Hosted by JT Crowley
Join The Smart Kids each week as they explore, discover and use their problem solving skills to change the world. They are resourceful, compassionate and determined to tackle whatever challenge lies ahead. From New Zealand, to Russia, Oman, USA and South America, The Smart Kids are a tapestry of global cultures with unique talents. You’ll hear their strategies and get to know them as they reveal their aspirations for fun, facts and living in the best possible world.
This intriguing and imaginative story is set against the backdrop of one of the most breath-taking places in the world, Tibet now known as The Tibetan Autonomous Region Of China. The story will take you to the roof of the world, across China to The Forbidden City in Beijing as well as across the Himalayas to Dharamshala in the Himachal Pradesh region of Northern India home to the 14th Dalai Lama.
This is the story of Yeshe my little Tibetan Buddhist boy, an eleven-year-old boy torn between the ancient customs of the Tibetan people to which his father follows and the modern ways of life that are endearing to him. Keeping with old Tibetan customs Yeshe’s father underhandedly agrees to send his son to the monastic life of being a Buddhist monk, but this is something the futuristic Yeshe opposes. He’s agreed to spend six months of the year living with his family following their nomadic ways on the high plateaus tending the yaks and goats, on the agreement he could spend the rest of the year in amongst the city lights of Lhasa learning all about the modern world.
To punish his father for his underhandedness, he escapes with the help of his Chinese friend Jinhai across China to The Forbidden City in Beijing. His brother tracks him down and he agrees to come home. Expecting retribution from his Lama for his actions he’s pleasantly surprised with his teacher’s suggestion of following in the footsteps of the Dalai Lama’s escape route disguised as a simple soldier on horse back across the Himalayas to India to hear from the Dalai Lama himself before deciding to become a Buddhist monk or to follow his dream to be an international human rights lawyer.
I was born on a warm summer’s evening to Irish immigrants. My father was born in Ireland under British rule, he kept British citizenship, which allowed him to join the British Royal Air Force and follow a career in aero engineering at Rolls Royce in Derby. My mother was actually born in Manhattan New York but after the tragic death of her father when she was just seven months old led her mother eventually having remarried several years later to return to Ireland, it was there on the wild west coastline my mother spent much of her childhood.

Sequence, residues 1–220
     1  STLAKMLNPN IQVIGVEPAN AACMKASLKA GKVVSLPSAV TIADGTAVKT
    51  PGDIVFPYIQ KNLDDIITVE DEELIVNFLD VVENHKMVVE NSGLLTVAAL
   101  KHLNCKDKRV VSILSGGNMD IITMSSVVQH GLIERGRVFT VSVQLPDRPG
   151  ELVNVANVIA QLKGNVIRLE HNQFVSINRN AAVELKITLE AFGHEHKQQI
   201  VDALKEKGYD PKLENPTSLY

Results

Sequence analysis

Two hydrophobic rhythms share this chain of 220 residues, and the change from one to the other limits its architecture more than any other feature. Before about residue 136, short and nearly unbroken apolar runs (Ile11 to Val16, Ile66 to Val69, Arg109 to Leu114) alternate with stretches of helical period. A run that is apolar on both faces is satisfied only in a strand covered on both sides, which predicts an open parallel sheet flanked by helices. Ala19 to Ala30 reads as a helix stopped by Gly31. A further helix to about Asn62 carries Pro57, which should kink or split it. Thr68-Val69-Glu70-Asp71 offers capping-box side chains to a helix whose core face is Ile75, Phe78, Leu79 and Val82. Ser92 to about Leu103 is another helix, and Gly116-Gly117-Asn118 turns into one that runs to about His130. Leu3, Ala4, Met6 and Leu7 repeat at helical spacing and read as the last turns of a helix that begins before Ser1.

In August 1957 my parents married and settled in Derby where my brother and I along with our late sister grew up. On reflection we weren’t particularly financially well off but there again nor where the kids that we grew up with, so we were non the wiser. However my parents instilled in us to respect others and to do things with our lives that they weren’t able to do.
When I was at school I excelled in Geography looking at all the different places in the world. So I suppose it was that geographical background coupled with wanting to achieve things that my parents weren’t able to do so, that set me on my worldly travels.
The excitement of travel coupled with the allure of seeing different cultures especially the many facets of kid’s lives in those places in contrast to my own narrow childhood inspired me to write the book. I want kids to see beyond their own streets and their smartphones and I hope that when they’ve read the book they will start to see that different kids from dissimilar places in the world live and experience contrasting lives and some of those lifestyles can be defined as harsh. But above all I hope it inspires some of my young readers to follow in my footsteps and witness life in all its forms.
The one thing that I’ve learnt in life is that theory in itself is fine but putting that theory into a practical form like a book is somewhat different. I suppose what I’m trying to say here is having an idea for a book and actually writing it and promoting it to the public is a far cry from the initial notion. So what made me take the leap from the first mental pictures to transferring them to words on a page that kids and adults alike can read any where in the world, well that hawks back to my parents encouragement wanting me to achieve things they couldn’t.
As a child writing never came easy to me, and when I look back at some of the letters I wrote to my parents from boarding school I can only hang my head in shame. I suppose being a boy more interested with what was going on in the school playground rather than the classroom would lead my mother who was by then an English teacher to tearing her hair out, the look of despondency written on her face as she tried to get me to read a single page of a book only to hear me begrudgingly recite a page in front of her and asking having got to the end of the page, ”can I go now.” Little did I know then that not having the ability to read and write properly would set me back in life, something I later rectified. So kids you can change but go and see the world in all its beauty, and don’t forget respect all nations.